In order for you to get the full impact of the restorations that are happening here at the old convent, we need to take you back to the beginning, or at least to when I was hit by lightning...
It was the perfect storm in June of 2009. My husband and I bumped into our old realtor friend in the supermarche' in the obscure town of Le Blanc. He casually mentioned in passing that he was intrigued by a piece of property, an old convent, that had just come on the market. He said that he never knew it existed in the town. He went on to say that it and its 5-acre garden were completely enclosed by stone walls, cloaked in mystery and dans son jus. I don't know if it was his non-pressure strategy to bait us (which in my experience is unusual for a real estate agent), but whatever he did, it worked. I took the bait. I was hooked. I had to see it.
We saw the charming 17th-century church that the convent was connected to.
We walked past its gorgeous stone perimeter walls.
We walked through the large oak gates flanked by stone pilasters.
As we started walking down the shady Linden tree allee', it happened... a "coup de foudre". I was struck by lighting! Well o.k., not exactly.
Coup de foudre literally means a lightning bolt. The French use this phrase when describing falling in love with someone or something at first sight. That is what happened to me.
J'ai eu le "coup de foudre" pour le vieux couvent.
I fell in love at first sight with the old French convent!
It didn't matter that the building facade needed work,
a lot of work.
Even in its neglected state, the elements of the architecture were so beautiful. I went crazy over the carved stone staircase.
I was able to see past the junk in the horsebarn to the massive carved stone "mangeoire" long enough to feed 6 horses at a time and gorgeous enough to make them all whinny with delight. The floor was paved with cobblestones. I could barely contain myself.
The convent grounds had a small prayer chapel with a exquisitely carved keystone and arched doors.
It had a view of the city.
It had a large area for a vegetable garden.
However shaggy, it had a flower garden bordered with a boxwood hedge and large trees.
Planted in the midst of the garden was the largest Linden tree that I have ever seen.
Not planted far away from the Linden was the largest Lebanon Cedar that I have ever seen.
Within the walls, there was even a "forest"! I was left undone!
As we walked in to the foyer of the house, I suddenly remembered one of the things our realtor said about the house that fated day we met in the supermarche,' "it is dans son jus".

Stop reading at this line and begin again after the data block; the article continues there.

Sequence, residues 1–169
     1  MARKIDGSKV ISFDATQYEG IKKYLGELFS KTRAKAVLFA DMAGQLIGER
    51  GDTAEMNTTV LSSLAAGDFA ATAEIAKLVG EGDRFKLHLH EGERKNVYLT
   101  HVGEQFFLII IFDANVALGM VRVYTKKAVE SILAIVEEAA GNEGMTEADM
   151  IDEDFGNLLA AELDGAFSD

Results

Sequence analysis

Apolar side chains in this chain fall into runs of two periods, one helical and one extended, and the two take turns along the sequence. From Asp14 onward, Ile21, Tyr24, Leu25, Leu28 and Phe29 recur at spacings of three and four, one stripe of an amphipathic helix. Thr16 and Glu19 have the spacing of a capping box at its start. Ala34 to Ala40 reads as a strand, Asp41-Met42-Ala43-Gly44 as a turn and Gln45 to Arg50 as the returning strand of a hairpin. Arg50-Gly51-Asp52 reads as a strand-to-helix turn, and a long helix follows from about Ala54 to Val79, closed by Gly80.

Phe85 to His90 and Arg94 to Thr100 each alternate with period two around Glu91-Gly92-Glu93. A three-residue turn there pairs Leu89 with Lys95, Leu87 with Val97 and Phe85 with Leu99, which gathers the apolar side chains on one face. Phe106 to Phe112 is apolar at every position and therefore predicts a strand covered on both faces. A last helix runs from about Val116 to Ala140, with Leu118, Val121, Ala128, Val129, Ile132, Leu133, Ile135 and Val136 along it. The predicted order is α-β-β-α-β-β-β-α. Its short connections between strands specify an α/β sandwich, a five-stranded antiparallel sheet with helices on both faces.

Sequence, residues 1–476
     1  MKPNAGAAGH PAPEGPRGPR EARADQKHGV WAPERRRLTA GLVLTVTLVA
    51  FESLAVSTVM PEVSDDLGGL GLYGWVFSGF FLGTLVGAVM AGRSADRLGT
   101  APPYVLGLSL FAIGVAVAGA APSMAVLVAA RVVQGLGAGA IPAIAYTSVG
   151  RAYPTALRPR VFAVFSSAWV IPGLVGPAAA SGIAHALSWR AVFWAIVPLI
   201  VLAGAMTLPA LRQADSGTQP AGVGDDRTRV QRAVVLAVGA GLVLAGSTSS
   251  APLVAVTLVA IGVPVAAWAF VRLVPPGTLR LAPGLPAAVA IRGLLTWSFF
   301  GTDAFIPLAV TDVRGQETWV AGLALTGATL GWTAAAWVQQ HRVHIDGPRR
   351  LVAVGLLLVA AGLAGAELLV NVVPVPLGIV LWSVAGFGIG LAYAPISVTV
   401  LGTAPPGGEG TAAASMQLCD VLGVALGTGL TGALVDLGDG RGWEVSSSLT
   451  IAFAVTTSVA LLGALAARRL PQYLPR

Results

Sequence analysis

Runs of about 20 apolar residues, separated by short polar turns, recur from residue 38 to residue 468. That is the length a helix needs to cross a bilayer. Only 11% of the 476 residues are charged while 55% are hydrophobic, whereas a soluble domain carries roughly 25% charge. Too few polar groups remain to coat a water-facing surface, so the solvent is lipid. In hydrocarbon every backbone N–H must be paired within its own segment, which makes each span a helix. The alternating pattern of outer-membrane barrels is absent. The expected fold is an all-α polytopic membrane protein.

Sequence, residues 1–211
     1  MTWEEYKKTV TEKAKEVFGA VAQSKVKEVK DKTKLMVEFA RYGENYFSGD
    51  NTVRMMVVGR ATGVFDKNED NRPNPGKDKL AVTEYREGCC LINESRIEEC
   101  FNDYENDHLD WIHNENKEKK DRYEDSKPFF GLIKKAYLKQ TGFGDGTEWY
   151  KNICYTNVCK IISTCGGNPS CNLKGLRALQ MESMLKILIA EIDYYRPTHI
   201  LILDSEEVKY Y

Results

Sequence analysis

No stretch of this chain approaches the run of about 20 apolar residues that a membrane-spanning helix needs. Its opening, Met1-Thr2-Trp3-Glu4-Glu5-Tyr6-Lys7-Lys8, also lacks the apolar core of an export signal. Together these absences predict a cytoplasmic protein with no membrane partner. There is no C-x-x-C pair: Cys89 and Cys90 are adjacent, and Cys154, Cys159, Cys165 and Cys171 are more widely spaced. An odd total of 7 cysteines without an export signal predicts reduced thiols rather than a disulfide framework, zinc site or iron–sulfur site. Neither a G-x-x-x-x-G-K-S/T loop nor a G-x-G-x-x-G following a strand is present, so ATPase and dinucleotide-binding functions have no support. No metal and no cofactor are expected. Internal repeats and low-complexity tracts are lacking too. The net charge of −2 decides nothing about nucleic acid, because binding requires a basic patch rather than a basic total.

"Dans son jus" literally means in its own juice. It is really a phrase for cooking, but it is used commonly for property that has not been altered and has been left to...age.
You will hear realtors use this term often. It is actually a good thing if you would like to maintain the authenticity of the epoque of your house. It is, however hard to look past if you have difficulty imagining what it could look like with a little TLC and restoration.
I have to admit, it was definitely not the inside of the house that I fell in love with.
Other than the cloister, (central courtyard), there was no sign from its interior that the house had originally been a convent. The archives indicated that after French Revolution in 1789 the monks were forcibly expelled from the convent. The convent and grounds were sold off to a private family and the church was left in control of the city. Since then, the convent underwent drastic changes and "modernizations" to make it into a comfortable bourgeois home. Not much was done to the house since those initial changes. It was very much "dans son jus".
This was the salon steeped in the style Directoire. It did have lovely plaster moldings and oak parquet floors.
There were not many redeeming qualities about the dining room...
nor the kitchen.
Here is another view of the kitchen.
Under the kitchen was a wine cave. It was a dark and scary place.
The hallway made me shudder.
This was one of the most recent upgrades to the house, an indoor toilet. It was installed in the 1920's.
Other downstairs rooms included a small salon/bedroom,
and a billiard room. A redeeming quality of the rooms was that they all had fireplaces.
an upstairs bathroom with a huge but decrepit clawfoot tub,
and another toilet room.
The house had 8 bedrooms. Here is bedroom 1.
Inside bedroom 7, our friends Regis and Joanna had smiles on their faces because this was the least horrible.
Down the stairs to...
...the beginning, the foyer.
If it wasn't for that coup de foudre, we wouldn't have gone back to the godforsaken dining room with the realtor and the owner's eldest daughter Edwige to sign the compromis de vente (promise to buy).
Patrice and I had just embarked on the most incredible journey of our lives!
Stay tuned for the next adventure of Patrice, Karen and The Old French Convent.
Send us a comment! We are lonely and dusty here in the midst of all this renovation and love reading them.
And, if you sign up for our newsletter, your email address will be entered in a drawing for an all-expense paid weekend at the Old French Convent anytime during its 400th anniversary year in 2019! More details to come...
Never forget to keep fighting for your dream!